Contributed by Monica Neagoy
Teaching Operations in a Technological World—An Enigma?
Do you ever wonder why we spend so much time on teaching computational algorithms, memorizing number facts, and checking for correct answers, in a world full of technological tools that compute faster, more efficiently, and more accurately than we? The bar has been raised: the greater purpose is algebraic thinking in particular and deep mathematical thinking in general. In 2000, the National Council of Teachers of Mathematics [NCTM] described algebra as a way of thinking that cuts across all mathematical content and unifies the curriculum. In 2010, CCSSO made Operations and Algebraic Thinking the first content standard for grades 1-5 (the second for grade K) of the Common Core State Standards for Mathematics (CCSSM).
Algebraic thinking in the early years is a new movement that has received growing attention over the past two decades.
The “early algebra” movement is not about teaching traditional school algebra early.
Rather, it’s about fostering ways of thinking, doing, and communicating about mathematics, of teaching and learning mathematics with understanding, and of cultivating mathematical insight; it’s about making connections, analyzing relationships, and noticing structure; it’s about conjecturing, justifying, and generalizing. These are critical habits of mind for all of mathematics. However, they stand in stark contrast with “manipulating symbols to solve for x (often meaninglessly),” the common definition of algebra in the minds of many adults.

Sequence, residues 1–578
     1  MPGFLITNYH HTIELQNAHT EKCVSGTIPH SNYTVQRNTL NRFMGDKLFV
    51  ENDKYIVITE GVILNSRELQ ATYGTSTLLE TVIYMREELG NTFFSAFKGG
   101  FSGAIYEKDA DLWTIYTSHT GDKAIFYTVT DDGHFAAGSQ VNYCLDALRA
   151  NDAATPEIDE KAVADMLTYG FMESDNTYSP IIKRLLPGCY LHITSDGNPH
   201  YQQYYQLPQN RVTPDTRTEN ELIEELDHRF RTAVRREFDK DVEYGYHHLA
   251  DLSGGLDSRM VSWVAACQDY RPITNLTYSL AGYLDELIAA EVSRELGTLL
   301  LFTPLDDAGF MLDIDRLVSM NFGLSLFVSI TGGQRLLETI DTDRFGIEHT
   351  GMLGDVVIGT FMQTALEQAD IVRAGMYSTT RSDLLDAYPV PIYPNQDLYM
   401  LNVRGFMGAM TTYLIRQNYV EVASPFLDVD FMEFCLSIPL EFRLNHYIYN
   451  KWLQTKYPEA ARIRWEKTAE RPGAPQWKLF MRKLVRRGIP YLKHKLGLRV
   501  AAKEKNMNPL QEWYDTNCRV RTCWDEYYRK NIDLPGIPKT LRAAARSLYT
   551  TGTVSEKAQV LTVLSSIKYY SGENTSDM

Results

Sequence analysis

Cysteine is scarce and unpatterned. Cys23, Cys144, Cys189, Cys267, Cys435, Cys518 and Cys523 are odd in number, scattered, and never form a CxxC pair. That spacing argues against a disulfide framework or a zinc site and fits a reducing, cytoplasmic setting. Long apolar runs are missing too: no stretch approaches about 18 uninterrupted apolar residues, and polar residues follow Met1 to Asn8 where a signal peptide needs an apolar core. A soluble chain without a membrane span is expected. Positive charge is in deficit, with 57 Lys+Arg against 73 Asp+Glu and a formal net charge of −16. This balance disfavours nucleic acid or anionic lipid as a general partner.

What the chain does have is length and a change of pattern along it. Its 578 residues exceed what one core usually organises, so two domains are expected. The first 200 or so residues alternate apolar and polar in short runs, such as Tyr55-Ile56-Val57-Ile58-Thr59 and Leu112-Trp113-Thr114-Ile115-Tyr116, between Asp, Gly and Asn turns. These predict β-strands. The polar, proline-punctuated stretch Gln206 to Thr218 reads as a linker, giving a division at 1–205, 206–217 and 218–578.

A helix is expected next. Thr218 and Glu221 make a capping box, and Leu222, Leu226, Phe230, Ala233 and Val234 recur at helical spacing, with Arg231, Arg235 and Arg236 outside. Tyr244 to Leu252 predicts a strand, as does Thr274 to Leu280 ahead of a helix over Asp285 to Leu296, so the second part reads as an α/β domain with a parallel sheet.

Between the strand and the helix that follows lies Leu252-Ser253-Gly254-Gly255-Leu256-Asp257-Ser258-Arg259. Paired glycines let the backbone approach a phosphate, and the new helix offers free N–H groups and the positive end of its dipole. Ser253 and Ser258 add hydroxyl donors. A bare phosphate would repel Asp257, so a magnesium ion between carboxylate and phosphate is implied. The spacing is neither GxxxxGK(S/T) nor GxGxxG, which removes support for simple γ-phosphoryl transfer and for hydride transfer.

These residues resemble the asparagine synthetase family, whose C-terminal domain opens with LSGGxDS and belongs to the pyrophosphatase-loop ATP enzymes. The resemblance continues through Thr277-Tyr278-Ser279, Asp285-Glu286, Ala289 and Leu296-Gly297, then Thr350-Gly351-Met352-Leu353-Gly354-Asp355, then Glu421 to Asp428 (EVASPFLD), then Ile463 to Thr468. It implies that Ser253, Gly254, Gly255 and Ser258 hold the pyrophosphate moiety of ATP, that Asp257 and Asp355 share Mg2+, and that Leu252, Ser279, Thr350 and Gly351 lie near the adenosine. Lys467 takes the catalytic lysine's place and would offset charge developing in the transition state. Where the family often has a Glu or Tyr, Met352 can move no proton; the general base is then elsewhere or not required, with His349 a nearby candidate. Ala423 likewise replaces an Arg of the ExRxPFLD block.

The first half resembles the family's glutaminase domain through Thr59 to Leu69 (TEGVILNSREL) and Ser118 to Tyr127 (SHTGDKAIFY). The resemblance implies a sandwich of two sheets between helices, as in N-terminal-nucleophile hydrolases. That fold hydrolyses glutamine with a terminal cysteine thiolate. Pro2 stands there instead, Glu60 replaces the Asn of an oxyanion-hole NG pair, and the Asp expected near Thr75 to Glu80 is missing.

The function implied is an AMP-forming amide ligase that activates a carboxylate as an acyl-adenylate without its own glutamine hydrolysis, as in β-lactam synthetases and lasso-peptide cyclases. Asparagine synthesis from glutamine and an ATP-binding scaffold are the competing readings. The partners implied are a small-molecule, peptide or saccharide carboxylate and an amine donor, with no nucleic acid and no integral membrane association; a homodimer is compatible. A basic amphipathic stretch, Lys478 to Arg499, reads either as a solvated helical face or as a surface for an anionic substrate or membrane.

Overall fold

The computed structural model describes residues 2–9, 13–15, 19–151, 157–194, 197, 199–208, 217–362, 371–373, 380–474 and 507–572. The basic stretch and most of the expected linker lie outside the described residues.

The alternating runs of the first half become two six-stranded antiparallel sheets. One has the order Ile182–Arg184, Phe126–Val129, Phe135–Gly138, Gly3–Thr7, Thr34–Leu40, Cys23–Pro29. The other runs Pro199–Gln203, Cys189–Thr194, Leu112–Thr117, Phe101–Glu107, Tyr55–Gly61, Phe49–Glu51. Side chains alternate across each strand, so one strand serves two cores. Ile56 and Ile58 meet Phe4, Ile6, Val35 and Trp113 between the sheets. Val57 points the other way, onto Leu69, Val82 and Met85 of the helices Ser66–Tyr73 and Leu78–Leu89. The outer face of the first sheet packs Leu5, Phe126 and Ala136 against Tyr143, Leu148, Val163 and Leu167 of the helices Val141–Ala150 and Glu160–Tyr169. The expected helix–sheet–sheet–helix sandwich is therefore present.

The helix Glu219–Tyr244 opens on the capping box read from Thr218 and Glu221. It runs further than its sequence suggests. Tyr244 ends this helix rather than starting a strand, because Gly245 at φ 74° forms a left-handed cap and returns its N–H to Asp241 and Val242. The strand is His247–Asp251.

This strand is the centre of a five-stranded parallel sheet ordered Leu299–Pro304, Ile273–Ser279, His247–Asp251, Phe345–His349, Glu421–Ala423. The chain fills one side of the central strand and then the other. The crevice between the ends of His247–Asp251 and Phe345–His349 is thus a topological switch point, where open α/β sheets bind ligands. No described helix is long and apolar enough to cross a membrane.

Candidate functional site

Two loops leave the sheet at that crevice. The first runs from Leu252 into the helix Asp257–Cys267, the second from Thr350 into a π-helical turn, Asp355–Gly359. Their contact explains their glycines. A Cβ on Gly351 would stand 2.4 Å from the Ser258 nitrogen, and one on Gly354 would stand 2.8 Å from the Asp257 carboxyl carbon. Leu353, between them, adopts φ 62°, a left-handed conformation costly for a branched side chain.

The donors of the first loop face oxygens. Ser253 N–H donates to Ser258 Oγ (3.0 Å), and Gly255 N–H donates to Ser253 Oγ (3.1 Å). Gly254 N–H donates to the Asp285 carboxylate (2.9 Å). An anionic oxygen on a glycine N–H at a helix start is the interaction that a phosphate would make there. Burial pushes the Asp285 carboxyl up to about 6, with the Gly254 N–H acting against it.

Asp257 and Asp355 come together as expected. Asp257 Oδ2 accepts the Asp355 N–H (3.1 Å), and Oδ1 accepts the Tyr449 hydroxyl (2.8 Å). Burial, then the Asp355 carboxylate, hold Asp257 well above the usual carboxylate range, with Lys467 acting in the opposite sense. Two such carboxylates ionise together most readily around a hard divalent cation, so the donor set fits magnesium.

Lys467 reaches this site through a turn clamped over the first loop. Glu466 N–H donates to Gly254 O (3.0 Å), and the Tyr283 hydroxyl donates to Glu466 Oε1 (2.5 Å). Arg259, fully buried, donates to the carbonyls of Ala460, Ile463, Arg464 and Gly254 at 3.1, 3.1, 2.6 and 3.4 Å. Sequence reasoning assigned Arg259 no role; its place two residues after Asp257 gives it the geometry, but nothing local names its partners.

A Daunting Charge for Teachers and Teacher Leaders
Elementary teachers were not educated to teach algebraic thinking and, what’s more, they may barely remember their high school algebra—after all, who does? Some may even harbor unpleasant memories of their algebra experience. So how can elementary teachers learn to cultivate algebraic habits of mind in their students? In particular, what does it really mean to teach operations and algebraic thinking? What does algebraic thinking and doing look like in the early grades? Let’s take subtraction as an example.
An Example: Looking at Subtraction Algebraically
Teachers in different parts of the world often tell me of parents who come in and say, “My child knows her addition (or subtraction) facts; she needs harder problems with bigger numbers.” While bigger numbers might seem challenging to children, simply moving from smaller numbers to larger numbers misses opportunities:
Children can develop sophisticated mathematical thinking working with small numbers too.
1. Subtraction is more than just “take away”